Definitely one of my most anticipated reads of the year. After devouring all of Bonnie's previous work last year over the course of a couple weeks, I could hardly wait for its release -- in fact, I arranged my schedule so that I could manage a 9 hour drive just so I could get it at its earliest possible appearance -- and it didn't disappoint. As a storyteller, this writer is one of my favorites, and her writing never gets in the way of what she's using it to say. So many literary writers are so intent on creating beautiful sentences that they fail to deliver good books and stories, and that is never a problem for Bonnie Jo.
In reading other reviews and commentary on this book -- which is getting a lot of mainstream press that I really hope pays off for it -- I am puzzled by a few things. First off, I don't know how much I get the comparisons to Huck Finn. Because the entire book takes place on a river, and the protagonist is young, I guess that's an easy comparison to make, but I don't know how apt it is. It's been a long, long time since I read Huck Finn, though, so I could be wrong. I see a fair number of parallels with the James Dickey novel, Deliverance, myself. I don't mean the usual stuff people reference when they hear about that book ("Squeal like a pig, boy!"), I mean the struggle of a certain kind of life being shoved aside by a new era. In the Dickey novel, our river adventurers are on a stretch of water that is going to be destroyed by the building of a dam. In Bonnie's book, Margo is trying to live a life long left behind, to the extent that people can't grasp why she would even want to live that way. And that is what hit me the hardest emotionally, because I yearn to live more of a life like Margo's than the lifestyle that is constantly trying to drag me into ITS current. How those conflicts play out, not just for Margo but for other people who live on the river, whose lives are being affected by changing times, are an important undercurrent of the book (and there is another river metaphor, that I don't suspect is unintentional on Bonnie's part). Maybe that is a big part of the Mark Twain book too, I don't know, but it's definitely in the Dickey book, which I just read earlier this year and is fresher in my mind. There are also some dark deeds taking place in both Deliverance and Once Upon a River that are handled in a way that The Law knows nothing about. That's what makes the comparison more apt in my mind.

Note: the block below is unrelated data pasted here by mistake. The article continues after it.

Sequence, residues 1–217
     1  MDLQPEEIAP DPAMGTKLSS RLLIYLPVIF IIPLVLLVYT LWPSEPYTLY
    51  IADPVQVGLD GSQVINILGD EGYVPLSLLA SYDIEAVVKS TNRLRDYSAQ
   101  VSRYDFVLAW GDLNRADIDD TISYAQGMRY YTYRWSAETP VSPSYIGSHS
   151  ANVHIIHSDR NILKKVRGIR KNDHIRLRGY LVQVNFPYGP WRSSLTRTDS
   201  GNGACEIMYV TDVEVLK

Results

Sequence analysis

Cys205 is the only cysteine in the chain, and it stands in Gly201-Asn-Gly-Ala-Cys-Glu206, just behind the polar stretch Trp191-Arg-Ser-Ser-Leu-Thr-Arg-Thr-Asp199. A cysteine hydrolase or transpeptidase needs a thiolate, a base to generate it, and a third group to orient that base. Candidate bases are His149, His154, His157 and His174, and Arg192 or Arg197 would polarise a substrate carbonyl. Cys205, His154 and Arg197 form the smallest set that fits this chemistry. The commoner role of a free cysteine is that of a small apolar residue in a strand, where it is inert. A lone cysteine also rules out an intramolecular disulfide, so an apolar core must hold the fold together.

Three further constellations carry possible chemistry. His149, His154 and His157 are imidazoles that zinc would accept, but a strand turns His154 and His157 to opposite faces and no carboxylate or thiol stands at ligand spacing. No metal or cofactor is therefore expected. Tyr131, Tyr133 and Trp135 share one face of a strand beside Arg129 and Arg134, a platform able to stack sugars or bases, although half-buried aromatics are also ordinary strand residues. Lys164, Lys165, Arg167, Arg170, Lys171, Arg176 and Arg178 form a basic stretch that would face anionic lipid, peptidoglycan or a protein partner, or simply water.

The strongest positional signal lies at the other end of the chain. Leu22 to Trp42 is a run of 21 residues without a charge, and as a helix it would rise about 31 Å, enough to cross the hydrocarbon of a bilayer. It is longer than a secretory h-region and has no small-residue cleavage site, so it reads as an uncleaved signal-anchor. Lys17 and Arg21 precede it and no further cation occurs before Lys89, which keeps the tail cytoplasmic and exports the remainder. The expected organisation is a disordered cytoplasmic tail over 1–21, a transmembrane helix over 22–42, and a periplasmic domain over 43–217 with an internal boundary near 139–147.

One more thing. I see a number of reviewers reference this as a "river journey." I can see that in the metaphorical sense that life, and coming of age to adulthood, is a journey, but I don't know that they mean it that way. Margo isn't using the river as a means to get from one place to another. It IS her place. It IS where she lives, and where she wants to remain. Her going up and down the river from place to place is no different that if I move from one part of town to another, and maybe out to a suburb, then back to town again. We're really talking about a very small stretch of landscape here. Is that a journey? In the literal sense, I don't really think so. I don't see Margo's trail up and down the river as being anything more than her trying to find a place on the water where she can stay. It isn't a road, it isn't a conduit . . . it's where she wants to remain. Where she wants to live, on her own terms. Trying to maintain her presence there I think is one of the important parts of the book, both literally and metaphorically.
Whatever. I loved the book. I think everyone should read it. Someone get Oprah on the phone, for cryin' out loud. . . .